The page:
POLS Chapter 3 - Ch 3: Federalism - Defining Federalism o...

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Ch 3: Federalism - Defining Federalism o What is Federalism? Federalism is a way of organizing a nation so that two or more levels of government have formal authority over the same area and people It is a system of shared power between units of government. Most governments in the world today are not federal but unitary governments , in which all power resides in the central government. American states are unitary governments with respect to their local governments. States, however, receive their authority not from the national government but directly from the Constitution. There is a third form of governmental structure, a confederation. In a confederation, the national government is weak, and most or all power is in the hands of the country’s components (ex. The states). The workings of the federal system are sometimes called intergovernmental relations. o Why is Federalism Important? The Federalist system in America decentralizes our politics. With more layers of government, more opportunities exist for political participation. Federalism also enhances judicial power. Dividing government power and responsibilities necessitates judges to resolve disputes between the two levels of government. The Federal system not only decentralizes our politics but also decentralizes our policies. The overlapping power of the two levels of government means that most of our public policy debates are also debates about federalism. States are responsible for most policies dealing with social, family and moral issues. The American states have always been policy innovators. The states overflow with new reforms, new ideas, and new policies. Almost every policy the national government has adopted had its beginnings in the states.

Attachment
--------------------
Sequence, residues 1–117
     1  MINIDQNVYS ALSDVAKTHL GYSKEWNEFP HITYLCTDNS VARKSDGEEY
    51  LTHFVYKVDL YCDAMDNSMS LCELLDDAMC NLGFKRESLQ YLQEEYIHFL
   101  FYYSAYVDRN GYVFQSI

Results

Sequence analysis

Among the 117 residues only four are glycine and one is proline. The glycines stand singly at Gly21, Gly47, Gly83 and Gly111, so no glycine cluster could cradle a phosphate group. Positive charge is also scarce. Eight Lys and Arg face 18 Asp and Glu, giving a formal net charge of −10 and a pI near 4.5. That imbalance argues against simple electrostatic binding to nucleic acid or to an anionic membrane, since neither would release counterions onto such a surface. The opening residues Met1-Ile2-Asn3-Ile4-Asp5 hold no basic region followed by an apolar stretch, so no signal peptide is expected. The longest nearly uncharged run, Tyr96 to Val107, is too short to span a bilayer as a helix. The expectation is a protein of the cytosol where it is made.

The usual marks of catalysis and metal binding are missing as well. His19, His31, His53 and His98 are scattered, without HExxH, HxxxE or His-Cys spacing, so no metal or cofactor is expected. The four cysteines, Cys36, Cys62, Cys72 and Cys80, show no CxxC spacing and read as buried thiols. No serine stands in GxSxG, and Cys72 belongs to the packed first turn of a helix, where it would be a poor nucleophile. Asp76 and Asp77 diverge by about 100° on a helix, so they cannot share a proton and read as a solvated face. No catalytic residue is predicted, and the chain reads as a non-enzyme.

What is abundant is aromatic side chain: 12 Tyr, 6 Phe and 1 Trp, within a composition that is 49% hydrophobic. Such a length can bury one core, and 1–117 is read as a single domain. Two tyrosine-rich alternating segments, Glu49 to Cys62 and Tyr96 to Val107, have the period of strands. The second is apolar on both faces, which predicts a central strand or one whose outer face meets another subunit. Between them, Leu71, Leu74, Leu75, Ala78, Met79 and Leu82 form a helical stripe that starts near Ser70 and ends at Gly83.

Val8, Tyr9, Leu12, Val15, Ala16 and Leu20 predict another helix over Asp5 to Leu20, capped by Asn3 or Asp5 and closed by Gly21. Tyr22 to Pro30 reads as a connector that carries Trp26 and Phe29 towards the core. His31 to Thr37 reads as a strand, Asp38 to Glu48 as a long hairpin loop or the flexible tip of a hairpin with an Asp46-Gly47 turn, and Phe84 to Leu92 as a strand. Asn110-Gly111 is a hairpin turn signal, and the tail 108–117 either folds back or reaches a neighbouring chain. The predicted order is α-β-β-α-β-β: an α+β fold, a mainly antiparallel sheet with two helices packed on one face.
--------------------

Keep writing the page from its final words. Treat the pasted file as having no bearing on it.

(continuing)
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- The Constitutional Basis of Federalism o The word federalism is absent from the Constitution o There was no other practical choice in 1787 but to create a federal system of government. o Division of Power The Constitution carefully defined the powers of state and national government. It guaranteed states equal representation in the Senate. It made the states responsible for both state and national elections. It also virtually guaranteed the continuation of each state. The Constitution also created obligations of the national government toward the states. For example, it is to protect states against violence and invasion. Supremacy Clause: The Constitution, the laws of the national government and treaties are the supreme law of the land.
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This note was uploaded on 10/04/2010 for the course POLS POLS 206-1 taught by Professor Fulton during the Fall '09 term at Texas A&M.

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POLS Chapter 3 - Ch 3: Federalism - Defining Federalism o...

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